42nd Orchestral Season

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Spreading Chinese Music on China Soil and Beyond

The Tung Foundation & Bank of China (Hong Kong) Proudly Supports


Date and Time
5-6/10/2018 (Fri, Sat)
Hong Kong Cultural Centre Concert Hall
Ticket Fee
$200, $250, $320, $420
Yan Huichang
Performed by
Banhu: Shen Cheng
Zheng: Su Chang
Due to unforeseeable circumstances,
Wang Zhongshan has to withdraw from the performance.

Rounding up our highly successful tour of Mainland campuses and concert halls, we open the 42nd season on home turf at the Hong Kong Cultural Centre and share with you the inspiring music we have been promoting so far! Contemporary on top of the traditional. Omni-directional and visionary. We hope this is going to be our future as well as yours!

Greeting from Shen Cheng
Greeting from Su Chang

A Va Mountain (Excerpt from the first movement of Melodies of West Yunnan) Guo Wenjing

The Family Legend – The Moon at Dawn over Lugou Bridge  Zhao Jiping

Cantonese Tunes Medley Traditional Short Pieces Arr. by Qiu Yongji  Orch. by Peng Jiguang and Qiu Yongji

Banhu Solo For the Love of the Wilderness  Shen Cheng  Arr. and Orch. by Liu Qing

Jasmine   Liu Wenjin

Zheng and Orchestra Sad Memories of Lin’an He Zhanhao

The Yellow River Capriccio Cheng Dazhao  

Audience perform with the artists and the HKCO

Backstage Tour

Date: 6/10/2018 (Sat) (FULL!)

Time: 7pm

Venue: Hong Kong Cultural Centre Concert Hall

Free Admission. Quota is limited. First come first served.

Reservation:3185 1647

Music Views & Previews

Spreading Chinese Music on China Soil and Beyond – A Grand Feat

Chow Fan-fu

The Hong Kong Chinese Orchestra’s season opening concert, ‘Spreading Chinese Music on China Soil and Beyond’, has a programme made up of seven pieces, an interesting reminder of the Chinese jigsaw puzzle, the tangram. The Chinese title uses the imagery of a ‘long river’, which can be none other than the one in The Yellow River Capriccio. But it can also symbolize the bounteous land of China irrigated by the many rivers running through it, from north to south and east to west. As the theme points out, the concert aims not only to guide the audience with music, but also to display the richness and variety of musical genres in China.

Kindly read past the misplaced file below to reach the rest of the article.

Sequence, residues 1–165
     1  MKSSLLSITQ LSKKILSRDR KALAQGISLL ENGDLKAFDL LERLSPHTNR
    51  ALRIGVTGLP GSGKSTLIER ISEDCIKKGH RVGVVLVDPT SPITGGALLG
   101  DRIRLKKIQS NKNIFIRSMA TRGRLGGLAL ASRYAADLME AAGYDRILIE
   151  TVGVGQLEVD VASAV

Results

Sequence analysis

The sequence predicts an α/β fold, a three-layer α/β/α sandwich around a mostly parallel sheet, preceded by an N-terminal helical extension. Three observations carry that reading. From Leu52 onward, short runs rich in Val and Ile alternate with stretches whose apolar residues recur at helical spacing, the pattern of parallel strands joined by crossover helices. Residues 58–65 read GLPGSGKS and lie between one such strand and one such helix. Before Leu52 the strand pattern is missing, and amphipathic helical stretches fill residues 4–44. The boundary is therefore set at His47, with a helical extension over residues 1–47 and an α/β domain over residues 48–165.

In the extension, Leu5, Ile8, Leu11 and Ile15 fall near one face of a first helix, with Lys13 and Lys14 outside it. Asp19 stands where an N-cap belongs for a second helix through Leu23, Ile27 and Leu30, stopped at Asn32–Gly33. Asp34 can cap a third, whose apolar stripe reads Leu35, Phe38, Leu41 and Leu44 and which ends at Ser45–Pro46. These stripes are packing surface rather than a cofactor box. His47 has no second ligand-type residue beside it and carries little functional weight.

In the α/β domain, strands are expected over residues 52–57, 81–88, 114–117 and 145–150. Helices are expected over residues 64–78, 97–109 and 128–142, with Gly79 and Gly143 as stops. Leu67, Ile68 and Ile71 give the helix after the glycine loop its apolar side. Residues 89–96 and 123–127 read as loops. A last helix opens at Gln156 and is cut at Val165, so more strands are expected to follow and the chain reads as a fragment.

Showing the colours of the north and the south

The four items in the first half of the concert demonstrate the distinctly different regional cultures of China. A Va Mountain, the first movement from Three Melodies of West Yunnan by Guo Wenjing, illustrates the indigenous colours and cultural heritage of Yunnan in China’s southwest. Immediately after that is a totally different China displayed: The Family Legend – The Moon at Dawn over Lugou Bridge by Zhao Jiping resonates with sounds of the capital city in the north that have come down from worlds bygone.

Then comes another distinctive pairing: Cantonese Tunes Medley which contains new orchestration using the ‘taut string’ ensemble set-up, creating a vivacious, airy and dynamic timbre, while For the Love of the Wilderness rolls out the earthy, rustic and sweeping grassland of the Great Northwest, described with the composer’s deep love. The juxtaposition offers a sharp contrast between the cultures of the north and the south.

Feeling three different kinds of emotional responses

The second half of the programme presents works by three composers coming from different backgrounds and different regions of China. Because of this, the pieces may evoke three different emotional responses. The first is Jasmine by Liu Wenjin. This title is shared by folk songs in the Jiangnan (‘south of the Yangtze’) region in Zhejiang, in northern China, and in northeastern China. Liu’s version is a tuneful piece of music with high lyricism that fills the listener’s heart with contentment and happiness. Sad Memories of Lin’an by He Zhanhao is written for zheng and orchestra. Although the background is the ancient, scenic city of Hangzhou (known as ‘Lin’an’ in the Song Dynasty), the story tells of the tragic life of General Yue Fei, who, despite his patriotic heart, was framed and died unmitigated. The music therefore is far from bestowing peace, but makes the listener feel the rage and the sorrow. The concert ends with The Yellow River Capriccio by Cheng Dazhao. Since the Yellow River is considered a symbol of the Chinese race, having brought life to the land and its people, it is also a rich source of inspiration and imagination for many. The mood is therefore one of open-hearted, all-embracing love, bustling with energy and optimism.

The seven pieces of music on the concert programme delineate the varied geographical splendours of China, their backgrounds, humanistic touches and indigenous characters. While each is distinctly unique, they form an enormous patchwork of China’s soil cut up by the rivers. If viewed as elements that make up the programme of this concert, they can of course be reshuffled like the tangram, but each placement would yield a totally different ambience. Now following the ingeniously laid out programming, we start with the exotic southwest, then glide over the broad expanse of time and space in different directions - still within the China context - until we finally come to the river that gives birth to its civilization and culture. The macrocosmic perspective allows the audience to feel the magnitude of a music culture that is absolutely stunning by sheer diversity and magnificence. So, shall we begin this wondrous journey now?